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US HEMS Accident

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US HEMS Accident

Old 18th Mar 2019, 00:55
  #101 (permalink)  
 
Join Date: May 2002
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Memory serves me we removed the Water Filters from the Barrel Pumps in the Winter up in Alaska.....two reasons....water becomes ice and jet fuel gets awfully thick and hard to pump by hand.

We are talking Temps of 0 degrees F and colder....down to like -45F.

I went South after I saw -50F on any OAT Gauge as I was a fair weather pilot.....and not a real Sourdough.

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Old 18th Mar 2019, 02:02
  #102 (permalink)  
 
Join Date: Dec 2018
Location: Canada
Posts: 112
Icing in cold temps

Originally Posted by Outwest View Post
Don't let anyone ever tell you you can't have fog (ice fog) at -40C I have iced up badly at -40C, ice fog rising off the open sea in the Canadian arctic
Very true.

Strong winds = open leads = ice fog. Often you will see a "Moon Dog" associated with these conditions.

I have picked up heavy clear at -45C in the Lougheed Island area in November/December/January.

I experienced the same icing conditions in the Beaufort Sea on 212/61/76's every winter I flew there (8 years).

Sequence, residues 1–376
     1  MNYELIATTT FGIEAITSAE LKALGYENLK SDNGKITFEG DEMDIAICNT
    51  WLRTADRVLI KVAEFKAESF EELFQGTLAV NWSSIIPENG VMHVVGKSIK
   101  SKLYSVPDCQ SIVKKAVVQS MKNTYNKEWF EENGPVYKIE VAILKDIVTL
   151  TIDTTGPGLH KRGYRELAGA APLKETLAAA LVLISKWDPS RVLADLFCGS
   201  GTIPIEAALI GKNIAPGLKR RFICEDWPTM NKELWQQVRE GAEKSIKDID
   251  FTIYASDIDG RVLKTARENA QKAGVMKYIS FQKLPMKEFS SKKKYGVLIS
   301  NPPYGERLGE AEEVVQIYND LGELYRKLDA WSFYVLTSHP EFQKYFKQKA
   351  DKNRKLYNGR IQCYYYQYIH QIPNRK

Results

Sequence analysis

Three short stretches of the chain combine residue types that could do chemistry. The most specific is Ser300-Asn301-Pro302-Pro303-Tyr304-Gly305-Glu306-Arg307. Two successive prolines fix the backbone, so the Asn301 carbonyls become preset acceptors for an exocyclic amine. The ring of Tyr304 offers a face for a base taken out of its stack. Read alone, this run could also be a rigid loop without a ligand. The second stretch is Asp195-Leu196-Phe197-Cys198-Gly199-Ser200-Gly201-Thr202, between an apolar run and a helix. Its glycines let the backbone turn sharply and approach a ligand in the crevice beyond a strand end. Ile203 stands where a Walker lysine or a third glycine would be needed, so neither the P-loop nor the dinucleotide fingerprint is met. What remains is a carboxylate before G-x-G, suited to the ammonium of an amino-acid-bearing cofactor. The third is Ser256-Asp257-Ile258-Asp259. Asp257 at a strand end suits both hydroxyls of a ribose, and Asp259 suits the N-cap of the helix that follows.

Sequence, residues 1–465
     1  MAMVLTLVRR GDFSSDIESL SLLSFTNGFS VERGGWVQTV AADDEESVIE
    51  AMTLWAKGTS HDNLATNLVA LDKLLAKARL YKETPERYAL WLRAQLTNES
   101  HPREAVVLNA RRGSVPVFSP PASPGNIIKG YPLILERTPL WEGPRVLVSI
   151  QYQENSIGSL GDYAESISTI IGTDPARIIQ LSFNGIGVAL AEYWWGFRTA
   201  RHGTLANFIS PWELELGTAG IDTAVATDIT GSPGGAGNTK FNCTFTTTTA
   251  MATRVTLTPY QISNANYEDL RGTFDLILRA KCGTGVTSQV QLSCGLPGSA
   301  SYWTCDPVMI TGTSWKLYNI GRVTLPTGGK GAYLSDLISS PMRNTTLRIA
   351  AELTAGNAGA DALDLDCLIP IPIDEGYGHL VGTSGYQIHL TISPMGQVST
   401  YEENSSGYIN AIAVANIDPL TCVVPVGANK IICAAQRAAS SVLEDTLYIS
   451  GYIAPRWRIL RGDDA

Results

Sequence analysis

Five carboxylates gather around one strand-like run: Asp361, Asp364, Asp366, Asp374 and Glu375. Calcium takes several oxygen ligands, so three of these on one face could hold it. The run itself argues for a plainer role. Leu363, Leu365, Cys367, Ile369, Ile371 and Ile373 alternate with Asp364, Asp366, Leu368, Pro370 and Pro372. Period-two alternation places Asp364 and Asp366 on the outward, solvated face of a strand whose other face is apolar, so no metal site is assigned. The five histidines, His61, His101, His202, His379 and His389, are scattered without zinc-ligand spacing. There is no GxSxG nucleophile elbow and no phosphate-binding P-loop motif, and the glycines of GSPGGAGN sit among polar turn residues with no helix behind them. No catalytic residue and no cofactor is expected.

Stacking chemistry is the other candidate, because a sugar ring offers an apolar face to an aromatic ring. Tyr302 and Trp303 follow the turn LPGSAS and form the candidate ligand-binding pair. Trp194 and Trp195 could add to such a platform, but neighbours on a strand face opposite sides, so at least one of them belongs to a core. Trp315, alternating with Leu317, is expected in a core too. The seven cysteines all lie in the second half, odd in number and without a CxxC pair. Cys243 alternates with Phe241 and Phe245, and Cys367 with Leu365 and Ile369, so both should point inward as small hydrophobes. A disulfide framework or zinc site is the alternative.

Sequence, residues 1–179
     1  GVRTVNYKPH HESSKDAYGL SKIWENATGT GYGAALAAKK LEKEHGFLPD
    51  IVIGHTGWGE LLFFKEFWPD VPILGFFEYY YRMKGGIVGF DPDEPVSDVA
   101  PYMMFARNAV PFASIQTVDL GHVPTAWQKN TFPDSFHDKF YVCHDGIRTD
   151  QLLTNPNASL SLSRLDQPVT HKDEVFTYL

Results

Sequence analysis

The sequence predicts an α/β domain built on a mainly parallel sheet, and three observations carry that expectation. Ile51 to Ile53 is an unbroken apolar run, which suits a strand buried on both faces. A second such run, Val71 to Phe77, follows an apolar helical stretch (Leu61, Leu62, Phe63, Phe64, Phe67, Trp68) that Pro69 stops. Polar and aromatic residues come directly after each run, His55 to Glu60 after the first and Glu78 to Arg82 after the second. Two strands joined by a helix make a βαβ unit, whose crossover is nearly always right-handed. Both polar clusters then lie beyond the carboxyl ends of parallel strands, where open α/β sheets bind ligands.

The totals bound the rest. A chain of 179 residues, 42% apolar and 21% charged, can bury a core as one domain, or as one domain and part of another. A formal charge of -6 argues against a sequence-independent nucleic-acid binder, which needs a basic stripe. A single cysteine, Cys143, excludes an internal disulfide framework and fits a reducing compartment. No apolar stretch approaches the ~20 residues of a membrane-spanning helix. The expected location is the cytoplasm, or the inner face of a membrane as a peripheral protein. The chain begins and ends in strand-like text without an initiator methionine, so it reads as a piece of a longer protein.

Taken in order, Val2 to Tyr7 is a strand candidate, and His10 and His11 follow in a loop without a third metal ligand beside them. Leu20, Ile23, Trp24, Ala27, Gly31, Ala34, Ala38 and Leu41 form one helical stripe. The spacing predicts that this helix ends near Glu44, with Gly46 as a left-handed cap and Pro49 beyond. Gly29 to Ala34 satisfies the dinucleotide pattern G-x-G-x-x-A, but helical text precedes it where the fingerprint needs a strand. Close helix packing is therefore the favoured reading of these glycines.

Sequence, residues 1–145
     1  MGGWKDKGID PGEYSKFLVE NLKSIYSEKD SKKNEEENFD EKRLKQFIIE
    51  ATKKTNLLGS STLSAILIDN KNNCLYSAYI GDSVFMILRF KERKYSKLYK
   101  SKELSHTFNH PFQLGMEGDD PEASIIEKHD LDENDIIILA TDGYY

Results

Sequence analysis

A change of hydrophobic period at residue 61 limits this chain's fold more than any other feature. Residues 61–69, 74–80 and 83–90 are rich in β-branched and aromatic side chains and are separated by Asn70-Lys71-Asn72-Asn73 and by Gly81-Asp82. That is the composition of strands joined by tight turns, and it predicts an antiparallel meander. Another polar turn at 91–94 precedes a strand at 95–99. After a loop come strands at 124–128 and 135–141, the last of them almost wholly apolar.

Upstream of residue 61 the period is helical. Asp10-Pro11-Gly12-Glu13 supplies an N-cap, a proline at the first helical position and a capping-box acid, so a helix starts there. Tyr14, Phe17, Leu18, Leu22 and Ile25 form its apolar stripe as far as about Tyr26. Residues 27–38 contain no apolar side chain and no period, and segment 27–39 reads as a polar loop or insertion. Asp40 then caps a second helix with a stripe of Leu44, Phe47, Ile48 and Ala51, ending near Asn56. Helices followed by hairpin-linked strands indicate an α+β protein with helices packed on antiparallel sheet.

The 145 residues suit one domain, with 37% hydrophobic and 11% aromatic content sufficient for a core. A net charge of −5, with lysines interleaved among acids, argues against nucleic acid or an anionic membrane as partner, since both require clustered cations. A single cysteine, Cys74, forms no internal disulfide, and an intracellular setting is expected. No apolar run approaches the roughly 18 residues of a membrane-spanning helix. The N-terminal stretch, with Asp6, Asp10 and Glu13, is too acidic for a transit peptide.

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Old 18th Mar 2019, 02:29
  #103 (permalink)  
 
Join Date: Mar 2019
Location: Cartersville, GA
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Originally Posted by megan View Post
Water can remain liquid down to -40C. Then you can have ice fog which only forms under specific conditions; the humidity has to be near 100% as the air temperature drops to well below 0 C (32 F), allowing ice crystals to form in the air.
Well... I guess I'm just allowing my ignorance to shine brightly. Just a very lower-48 kind of guy.
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Old 18th Mar 2019, 07:35
  #104 (permalink)  
 
Join Date: Apr 2000
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Most aviation meteorology books with a section on icing will tell you about supercooled water droplets - ie those existing below 0 degrees C which can be found in temperatures as low as -40 degrees C, normally in cloud with lots of vertical movement.

However, it requires the absence of appropriate freezing nuclei in the atmosphere for the water to freeze onto.
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Old 18th Mar 2019, 09:57
  #105 (permalink)  
 
Join Date: Mar 2019
Location: Cartersville, GA
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Originally Posted by [email protected] View Post
Most aviation meteorology books with a section on icing will tell you about supercooled water droplets - ie those existing below 0 degrees C which can be found in temperatures as low as -40 degrees C, normally in cloud with lots of vertical movement.

However, it requires the absence of appropriate freezing nuclei in the atmosphere for the water to freeze onto.
I remember the "supercooled water droplets" and "condensation nuclei" questions but have never had any experiences related to it.
It was wayyy back in my head-noodle. I would guess it's pretty hard to find modern day sky that is not packed with condensation nuclei.
I was just searching for weather related reasons this HEMS crash could have happened. I know fast-forming fog could put a pilot in a
situation with no "out."
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